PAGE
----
The continuing coal supply shortage at State-owned power utility Eskom is considered a crisis by industry commentators. However, while conceding that it “is not an ideal situation”, Eskom has assured Parliament that it is implementing a recovery plan to prevent any unplanned capacity loss.
The parastatal has indicated that 10 of its 15 coal-fired power stations have less than 20 days’ coal supply, with four of the understocked stations – Arnot, Hendrina, Kriel and Tutuka, all in Mpumalanga – having less than ten days’ supply.
Media house EE Publishers reported last month that Eskom would need an additional 1.3-million tons of coal a month to bring all its power stations to the level of stock required by the National Energy Regulator of South Africa by the end of its current financial year – March 31, 2019.
Eskom CEO Phakamani Hadebe has told Parliament that the utility has embarked on a recovery plan to boost coal stocks at its Mpumalanga plants. The plan includes the securing of additional coal supplies and an “aggressive” reallocation of existing coal supplies from the utility’s better-stocked plants.
The plan also includes Eskom securing 14 new coal supply contracts since January. The utility further states that the signing of an additional 12 contracts is imminent. All the new suppliers are based in Mpumalanga and will be ideally suited to supply coal to the worst-affected power stations in the area. The additional contracts have been approved by the Eskom board. Two tender enquiries, issued last year, are at the negotiation stage. However, 18-million tons of coal has been contracted, following urgent ‘requests for proposals’ issued in 2017 and 2018.
Eskom expects that its latest bid to increase coal procurement contracts “will stop the decline in coal stock levels in the short term” and prevent any unplanned power outages.
However, the utility tells Mining Weekly that the slow pace at which contracts are being concluded and delays in the transfer of coal from its Medupi power station, in Limpopo, to the struggling stations in Mpumalanga are “putting pressure on Eskom’s plans to recover all stock levels rapidly”.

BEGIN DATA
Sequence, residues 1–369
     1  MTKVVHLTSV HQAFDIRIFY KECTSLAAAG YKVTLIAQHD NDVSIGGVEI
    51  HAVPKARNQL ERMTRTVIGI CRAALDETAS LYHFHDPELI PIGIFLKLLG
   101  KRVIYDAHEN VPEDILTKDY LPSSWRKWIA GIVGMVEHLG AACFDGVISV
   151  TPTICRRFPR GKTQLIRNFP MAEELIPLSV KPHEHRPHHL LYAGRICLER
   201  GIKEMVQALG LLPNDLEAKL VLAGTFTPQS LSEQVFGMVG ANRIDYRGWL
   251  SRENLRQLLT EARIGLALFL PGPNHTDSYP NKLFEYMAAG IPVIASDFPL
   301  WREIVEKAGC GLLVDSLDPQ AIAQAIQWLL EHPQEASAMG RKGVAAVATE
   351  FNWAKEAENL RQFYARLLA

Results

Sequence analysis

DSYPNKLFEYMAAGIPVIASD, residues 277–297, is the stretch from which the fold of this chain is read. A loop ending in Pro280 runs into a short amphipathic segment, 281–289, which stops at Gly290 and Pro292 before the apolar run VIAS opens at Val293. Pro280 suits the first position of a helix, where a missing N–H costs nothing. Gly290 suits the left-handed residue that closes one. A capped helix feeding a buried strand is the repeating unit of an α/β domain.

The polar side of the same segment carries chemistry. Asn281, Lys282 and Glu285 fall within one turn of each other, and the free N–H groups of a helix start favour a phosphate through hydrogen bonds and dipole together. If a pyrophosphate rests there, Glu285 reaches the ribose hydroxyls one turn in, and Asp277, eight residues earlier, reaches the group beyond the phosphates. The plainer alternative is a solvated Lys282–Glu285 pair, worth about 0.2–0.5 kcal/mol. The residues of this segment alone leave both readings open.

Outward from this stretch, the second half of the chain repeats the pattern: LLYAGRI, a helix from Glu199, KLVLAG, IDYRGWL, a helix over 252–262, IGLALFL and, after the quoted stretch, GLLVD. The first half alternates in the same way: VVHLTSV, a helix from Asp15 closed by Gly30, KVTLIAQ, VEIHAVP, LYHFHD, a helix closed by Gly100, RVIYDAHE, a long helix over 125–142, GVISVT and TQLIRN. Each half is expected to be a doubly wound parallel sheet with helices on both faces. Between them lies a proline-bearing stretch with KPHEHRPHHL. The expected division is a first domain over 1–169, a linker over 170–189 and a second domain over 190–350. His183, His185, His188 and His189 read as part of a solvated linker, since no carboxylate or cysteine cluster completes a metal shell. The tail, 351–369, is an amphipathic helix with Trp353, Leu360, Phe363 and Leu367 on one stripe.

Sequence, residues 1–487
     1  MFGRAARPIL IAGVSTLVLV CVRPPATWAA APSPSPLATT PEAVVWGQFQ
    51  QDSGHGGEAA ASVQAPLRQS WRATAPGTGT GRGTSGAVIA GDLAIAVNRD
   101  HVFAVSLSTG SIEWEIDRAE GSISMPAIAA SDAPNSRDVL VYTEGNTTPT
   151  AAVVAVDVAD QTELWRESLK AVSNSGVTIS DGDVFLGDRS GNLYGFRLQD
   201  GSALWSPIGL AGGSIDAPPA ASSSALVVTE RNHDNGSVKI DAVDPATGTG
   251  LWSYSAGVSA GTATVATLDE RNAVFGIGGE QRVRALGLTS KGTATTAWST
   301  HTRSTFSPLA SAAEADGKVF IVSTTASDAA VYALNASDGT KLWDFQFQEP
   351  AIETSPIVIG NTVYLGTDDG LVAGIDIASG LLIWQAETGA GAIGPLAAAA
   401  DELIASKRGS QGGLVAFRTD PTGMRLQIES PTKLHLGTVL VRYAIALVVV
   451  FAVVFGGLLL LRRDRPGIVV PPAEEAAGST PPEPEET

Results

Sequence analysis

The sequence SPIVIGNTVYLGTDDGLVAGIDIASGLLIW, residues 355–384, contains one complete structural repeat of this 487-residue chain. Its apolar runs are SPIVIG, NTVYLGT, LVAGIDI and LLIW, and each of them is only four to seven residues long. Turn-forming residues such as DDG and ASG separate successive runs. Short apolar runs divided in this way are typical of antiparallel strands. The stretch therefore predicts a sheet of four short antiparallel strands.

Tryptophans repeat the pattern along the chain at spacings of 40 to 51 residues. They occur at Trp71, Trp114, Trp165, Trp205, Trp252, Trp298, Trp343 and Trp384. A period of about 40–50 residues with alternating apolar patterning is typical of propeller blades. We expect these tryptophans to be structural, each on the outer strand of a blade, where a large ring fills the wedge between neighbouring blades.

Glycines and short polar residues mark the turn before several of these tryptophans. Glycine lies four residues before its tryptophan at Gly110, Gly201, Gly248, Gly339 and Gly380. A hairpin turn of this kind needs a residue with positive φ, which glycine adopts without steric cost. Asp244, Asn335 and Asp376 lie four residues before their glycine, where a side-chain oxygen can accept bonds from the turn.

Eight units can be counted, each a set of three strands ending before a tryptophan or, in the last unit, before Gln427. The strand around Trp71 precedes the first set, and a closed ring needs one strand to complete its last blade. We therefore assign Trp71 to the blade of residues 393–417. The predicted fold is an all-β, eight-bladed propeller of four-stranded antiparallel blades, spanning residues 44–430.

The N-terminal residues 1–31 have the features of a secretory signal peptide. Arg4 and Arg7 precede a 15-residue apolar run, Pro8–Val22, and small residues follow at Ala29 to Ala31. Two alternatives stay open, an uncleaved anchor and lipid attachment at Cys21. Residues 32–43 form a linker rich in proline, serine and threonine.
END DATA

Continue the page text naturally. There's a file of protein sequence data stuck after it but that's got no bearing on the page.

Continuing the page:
Eskom says negotiations for new, price-competitive contracts with local coal suppliers – who are enjoying higher export prices – have been proceeding at a slow pace and that its plan to reallocate coal from Medupi as of August has also stalled. This is partly because several municipalities have raised concerns that trucking coal between the power stations impacts on roads.
Eskom would prefer transporting the coal by rail; however, the development of a viable freighting system with rail freighting company Transnet Freight Rail has still to be concluded and, as a result, the transfer of coal from Medupi by rail has not yet started.
With the rainy season imminent, coupled with ongoing delays in Eskom’s recovery plan, concerns about the impact of potential blackouts on economic growth have been flagged by Minerals Council South Africa (MCSA).
Eskom has attributed most of its coal stock concerns to the failure of the Gupta-linked Tegeta Exploration & Resources, which owns the Optimum coal mine, one of the utility’s contracted suppliers. But industry commentators have highlighted Eskom’s questionable policy decisions and its role in crippling investment in the coal industry as having a direct impact on the utility’s current stock predicament.
XMP Consulting senior coal analyst Xavier Prevóst states that Eskom’s poor policy decisions – particularly its disinvestment from cost-plus coal mines – coupled with calls to move away from coal-based electricity, which reflect one of the key proposals of the draft Integrated Resource Plan (IRP) 2018, have led to a lack of investment in the local coal mining industry.
This sentiment is echoed by MCSA senior economist Bongani Motsa and economist Tafadzwa Chibanguza, who state that, while local coal production and sales have increased, investment in the sector has remained stagnant.